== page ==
Louis-Jules Allard, KC (21 January 1859 – 3 January 1945) was a Canadian politician in the province of Quebec.
Born in Saint-François-du-Lac, Canada East, the son of Louis Allard and Marie-Anne Chapdelaine, Allard was educated at Nicolet College and the Université Laval in Montreal. A lawyer, he was called to the Quebec Bar in 1883 and was created a King's Counsel in 1906. He practice law in Montreal. He was mayor of Saint-François-du-Lac from 1895 to 1898.
He was elected to the Legislative Assembly of Quebec for the electoral district of Yamaska in an 1897 by-election held after the death of Victor Gladu. A Liberal, he was re-elected without opposition in 1900 and 1904. In 1905, he was appointed to the Legislative Council of Quebec for the de Lanaudière division and was named the Government Leader in the Council. He held three cabinet positions: Minister of Colonization and Public Works (1905), Minister of Public Works and Labour (1905–1906), and Minister of Agriculture (1906–1909). He resigned in 1910 and was re-elected in a 1910 by-election in the riding of Drummond to the Legislative Assembly. He was re-elected in 1912. He was again appointed to the Legislative Council in 1916. From 1909 to 1919, he was the Minister of Lands and Forests. He also served as interim premier and President of the Executive Council when Premier Lomer Gouin was absent. He resigned in 1919. In 1919, he was appointed Protonotaire for the Superior Court district of Montreal. He held this position until his death in 1945.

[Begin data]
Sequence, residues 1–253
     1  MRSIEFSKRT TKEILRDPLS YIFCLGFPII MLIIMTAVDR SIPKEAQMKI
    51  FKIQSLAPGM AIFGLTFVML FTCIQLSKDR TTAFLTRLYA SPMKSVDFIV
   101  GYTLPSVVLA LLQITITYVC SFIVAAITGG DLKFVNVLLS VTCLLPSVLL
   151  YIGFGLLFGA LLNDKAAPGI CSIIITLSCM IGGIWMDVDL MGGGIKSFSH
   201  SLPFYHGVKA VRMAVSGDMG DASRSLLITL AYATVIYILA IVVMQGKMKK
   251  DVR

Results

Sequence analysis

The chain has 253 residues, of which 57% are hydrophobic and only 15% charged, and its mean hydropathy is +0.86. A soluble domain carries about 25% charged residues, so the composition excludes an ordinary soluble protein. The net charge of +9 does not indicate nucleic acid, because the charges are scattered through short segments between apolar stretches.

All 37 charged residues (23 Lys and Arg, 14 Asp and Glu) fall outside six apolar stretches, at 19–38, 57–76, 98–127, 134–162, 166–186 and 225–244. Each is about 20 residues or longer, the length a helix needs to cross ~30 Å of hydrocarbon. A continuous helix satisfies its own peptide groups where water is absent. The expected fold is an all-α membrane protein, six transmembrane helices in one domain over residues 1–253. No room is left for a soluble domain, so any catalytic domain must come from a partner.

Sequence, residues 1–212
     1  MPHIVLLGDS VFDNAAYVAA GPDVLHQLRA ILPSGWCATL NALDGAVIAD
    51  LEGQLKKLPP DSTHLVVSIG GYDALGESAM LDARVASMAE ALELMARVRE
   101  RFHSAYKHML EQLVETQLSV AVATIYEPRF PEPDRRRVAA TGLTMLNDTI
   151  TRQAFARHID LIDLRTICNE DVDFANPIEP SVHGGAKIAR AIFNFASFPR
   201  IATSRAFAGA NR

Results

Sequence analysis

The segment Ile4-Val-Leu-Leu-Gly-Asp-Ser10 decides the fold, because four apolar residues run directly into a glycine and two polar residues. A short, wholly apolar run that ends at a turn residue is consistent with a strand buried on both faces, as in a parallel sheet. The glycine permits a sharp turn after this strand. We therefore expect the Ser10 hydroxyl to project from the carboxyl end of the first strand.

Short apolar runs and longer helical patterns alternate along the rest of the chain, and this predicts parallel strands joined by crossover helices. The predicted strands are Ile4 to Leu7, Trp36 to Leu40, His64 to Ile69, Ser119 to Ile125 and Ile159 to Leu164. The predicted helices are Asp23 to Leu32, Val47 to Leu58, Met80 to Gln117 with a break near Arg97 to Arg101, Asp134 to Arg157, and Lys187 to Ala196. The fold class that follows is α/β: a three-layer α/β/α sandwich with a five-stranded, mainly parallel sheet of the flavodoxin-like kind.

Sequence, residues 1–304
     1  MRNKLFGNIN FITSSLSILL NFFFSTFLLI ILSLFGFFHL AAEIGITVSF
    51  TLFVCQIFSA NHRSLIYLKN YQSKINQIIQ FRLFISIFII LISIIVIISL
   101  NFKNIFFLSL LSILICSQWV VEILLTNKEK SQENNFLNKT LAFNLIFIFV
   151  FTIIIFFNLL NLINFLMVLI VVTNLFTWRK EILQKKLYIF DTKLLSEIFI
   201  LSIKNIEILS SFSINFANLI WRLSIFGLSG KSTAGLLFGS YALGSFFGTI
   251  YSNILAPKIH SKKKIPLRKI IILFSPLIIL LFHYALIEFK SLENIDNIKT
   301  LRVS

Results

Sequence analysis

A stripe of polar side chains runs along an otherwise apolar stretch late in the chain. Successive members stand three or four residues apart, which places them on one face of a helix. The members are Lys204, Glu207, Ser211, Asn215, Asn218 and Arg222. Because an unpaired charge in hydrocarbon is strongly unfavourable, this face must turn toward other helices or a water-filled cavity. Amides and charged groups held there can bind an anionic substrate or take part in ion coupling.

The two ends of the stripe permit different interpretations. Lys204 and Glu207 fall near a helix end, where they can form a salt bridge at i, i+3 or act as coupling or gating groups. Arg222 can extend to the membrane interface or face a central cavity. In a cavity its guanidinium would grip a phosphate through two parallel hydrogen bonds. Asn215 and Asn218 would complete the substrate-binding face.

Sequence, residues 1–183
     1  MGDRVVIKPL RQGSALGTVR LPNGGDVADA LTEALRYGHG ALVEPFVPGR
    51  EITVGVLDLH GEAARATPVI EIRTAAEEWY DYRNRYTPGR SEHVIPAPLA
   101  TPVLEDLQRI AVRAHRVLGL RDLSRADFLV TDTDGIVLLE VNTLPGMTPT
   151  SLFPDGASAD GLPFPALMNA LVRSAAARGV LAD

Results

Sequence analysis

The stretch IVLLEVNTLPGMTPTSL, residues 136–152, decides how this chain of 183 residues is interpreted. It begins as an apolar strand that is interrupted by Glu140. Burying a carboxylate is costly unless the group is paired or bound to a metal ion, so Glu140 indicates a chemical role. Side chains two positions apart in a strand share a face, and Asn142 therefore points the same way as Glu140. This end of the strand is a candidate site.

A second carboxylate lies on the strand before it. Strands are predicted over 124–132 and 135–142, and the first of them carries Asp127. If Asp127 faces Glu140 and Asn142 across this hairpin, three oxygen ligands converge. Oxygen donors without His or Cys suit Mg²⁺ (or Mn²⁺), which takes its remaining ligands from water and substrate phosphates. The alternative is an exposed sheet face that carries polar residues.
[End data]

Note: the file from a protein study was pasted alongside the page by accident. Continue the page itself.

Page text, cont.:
His son, Félix Allard, was a Quebec politician. His daughter Marguerite married Aimé Boucher, a member of the Canadian House of Commons.